Toxic Air Lingers In Texas Latino Community, As Air Monitoring Fails

"Public data from a network of state air monitors around the Houston Ship Channel is hard to interpret and is often inadequate, leaving Latino-majority neighborhoods like Cloverleaf unaware of whether the air they breathe is safe."

"CLOVERLEAF — On a hot, humid October day, Cristina Lazo readies her youngest daughter for a bike ride and whispers in Spanish, I pray to God nothing happens to you.

Lazo, who wears a Rebelde band T-shirt and biker shorts, takes Alina, an energetic 7-year-old, outdoors for short periods because it only takes a few minutes before Alina’s eyes get red and her coughing starts.

“Vámonos,” Lazo yells, lengthening the last syllabus as she begins pedaling through the streets of Cloverleaf, an unincorporated area about 15 miles east of downtown Houston. Alina starts coughing immediately.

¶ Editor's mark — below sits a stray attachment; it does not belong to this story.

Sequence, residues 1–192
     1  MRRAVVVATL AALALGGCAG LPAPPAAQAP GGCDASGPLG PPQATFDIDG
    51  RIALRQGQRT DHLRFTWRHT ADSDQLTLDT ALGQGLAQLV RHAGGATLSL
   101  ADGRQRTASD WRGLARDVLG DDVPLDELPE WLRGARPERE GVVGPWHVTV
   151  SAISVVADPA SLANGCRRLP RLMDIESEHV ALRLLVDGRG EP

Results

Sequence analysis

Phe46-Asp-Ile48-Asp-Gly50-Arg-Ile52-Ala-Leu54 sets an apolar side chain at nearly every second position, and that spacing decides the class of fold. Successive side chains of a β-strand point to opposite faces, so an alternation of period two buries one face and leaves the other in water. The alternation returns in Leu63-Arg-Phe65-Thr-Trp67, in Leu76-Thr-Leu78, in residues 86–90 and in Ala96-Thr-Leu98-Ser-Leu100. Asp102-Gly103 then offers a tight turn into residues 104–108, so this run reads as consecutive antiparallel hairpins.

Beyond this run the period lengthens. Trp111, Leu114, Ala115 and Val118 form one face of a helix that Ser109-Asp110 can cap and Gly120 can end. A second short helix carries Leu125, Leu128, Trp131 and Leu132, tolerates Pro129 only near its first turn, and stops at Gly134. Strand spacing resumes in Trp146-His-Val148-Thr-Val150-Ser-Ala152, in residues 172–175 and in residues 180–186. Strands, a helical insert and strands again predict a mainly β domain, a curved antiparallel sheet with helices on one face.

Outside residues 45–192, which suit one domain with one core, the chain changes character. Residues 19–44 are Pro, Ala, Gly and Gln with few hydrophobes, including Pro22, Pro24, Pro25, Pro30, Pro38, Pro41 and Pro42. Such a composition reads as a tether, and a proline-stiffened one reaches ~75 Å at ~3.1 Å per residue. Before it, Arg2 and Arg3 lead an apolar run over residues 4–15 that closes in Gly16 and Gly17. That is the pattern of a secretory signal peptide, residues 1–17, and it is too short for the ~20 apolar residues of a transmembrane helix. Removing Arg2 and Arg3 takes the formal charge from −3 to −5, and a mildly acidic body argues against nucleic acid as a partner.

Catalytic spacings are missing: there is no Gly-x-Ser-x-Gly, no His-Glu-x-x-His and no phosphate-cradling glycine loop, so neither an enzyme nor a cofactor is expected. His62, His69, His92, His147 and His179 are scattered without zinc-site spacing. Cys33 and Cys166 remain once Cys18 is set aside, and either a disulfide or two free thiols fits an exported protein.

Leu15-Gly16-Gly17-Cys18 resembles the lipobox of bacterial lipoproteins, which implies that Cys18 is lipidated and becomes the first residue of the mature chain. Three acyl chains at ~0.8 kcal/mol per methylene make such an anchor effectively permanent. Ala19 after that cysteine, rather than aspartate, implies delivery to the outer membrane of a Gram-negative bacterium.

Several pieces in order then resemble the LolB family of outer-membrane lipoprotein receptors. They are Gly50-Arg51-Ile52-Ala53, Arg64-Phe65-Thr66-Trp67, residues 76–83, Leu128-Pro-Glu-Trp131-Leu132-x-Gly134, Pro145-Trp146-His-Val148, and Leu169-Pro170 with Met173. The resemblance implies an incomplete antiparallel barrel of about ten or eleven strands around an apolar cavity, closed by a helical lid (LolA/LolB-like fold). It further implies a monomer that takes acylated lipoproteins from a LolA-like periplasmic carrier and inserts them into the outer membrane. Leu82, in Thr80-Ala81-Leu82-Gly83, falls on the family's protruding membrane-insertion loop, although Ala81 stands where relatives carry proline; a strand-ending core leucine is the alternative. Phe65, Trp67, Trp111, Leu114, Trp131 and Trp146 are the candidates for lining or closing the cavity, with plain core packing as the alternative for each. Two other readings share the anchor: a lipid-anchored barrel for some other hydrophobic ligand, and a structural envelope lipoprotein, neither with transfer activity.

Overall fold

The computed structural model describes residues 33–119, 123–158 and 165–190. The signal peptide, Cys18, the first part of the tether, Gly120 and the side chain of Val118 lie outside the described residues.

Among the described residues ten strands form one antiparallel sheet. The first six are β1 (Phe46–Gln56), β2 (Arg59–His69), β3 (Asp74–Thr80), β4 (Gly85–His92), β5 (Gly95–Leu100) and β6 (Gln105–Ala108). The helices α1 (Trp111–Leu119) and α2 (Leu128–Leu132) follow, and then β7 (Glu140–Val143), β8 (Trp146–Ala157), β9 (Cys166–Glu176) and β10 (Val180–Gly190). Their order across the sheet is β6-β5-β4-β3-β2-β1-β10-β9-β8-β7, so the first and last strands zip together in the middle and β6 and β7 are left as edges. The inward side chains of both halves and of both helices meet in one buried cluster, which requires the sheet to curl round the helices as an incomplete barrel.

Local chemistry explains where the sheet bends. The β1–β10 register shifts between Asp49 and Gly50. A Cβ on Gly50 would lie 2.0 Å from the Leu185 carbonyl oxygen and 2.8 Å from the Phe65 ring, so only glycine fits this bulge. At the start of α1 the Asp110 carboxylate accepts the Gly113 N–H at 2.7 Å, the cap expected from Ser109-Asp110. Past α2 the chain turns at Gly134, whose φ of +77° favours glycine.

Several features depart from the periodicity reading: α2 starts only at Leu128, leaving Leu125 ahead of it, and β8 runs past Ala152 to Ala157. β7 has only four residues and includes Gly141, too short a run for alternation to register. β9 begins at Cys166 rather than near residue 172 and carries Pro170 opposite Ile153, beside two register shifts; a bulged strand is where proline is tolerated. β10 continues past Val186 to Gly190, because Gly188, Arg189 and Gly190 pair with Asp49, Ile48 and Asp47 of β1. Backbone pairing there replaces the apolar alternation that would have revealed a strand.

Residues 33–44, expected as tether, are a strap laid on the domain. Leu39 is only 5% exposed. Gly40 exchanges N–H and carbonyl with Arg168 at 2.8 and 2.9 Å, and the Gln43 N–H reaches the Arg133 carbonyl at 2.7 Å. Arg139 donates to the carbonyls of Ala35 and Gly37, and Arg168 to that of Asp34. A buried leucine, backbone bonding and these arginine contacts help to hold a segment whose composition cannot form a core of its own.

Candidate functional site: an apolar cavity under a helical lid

Lazo, a 42-year-old mother of six, knows that tonight she’ll rub Vick’s Vaporub on her daughter’s chest, and in the morning Alina will still wake up with congestion and what Lazo calls "itchy spider webs” in her eyes."

Alejandra Martinez and Wendy Selene Pérez report for Environmental Health News March 14, 2024.

This project was created through the Altavoz Lab Environmental Fellowship in partnership with Environmental Health Sciences and received additional funding from the Pulitzer Center. It was co-published by The Texas Tribune, Environmental Health News and palabra.

Source: EHN, 03/15/2024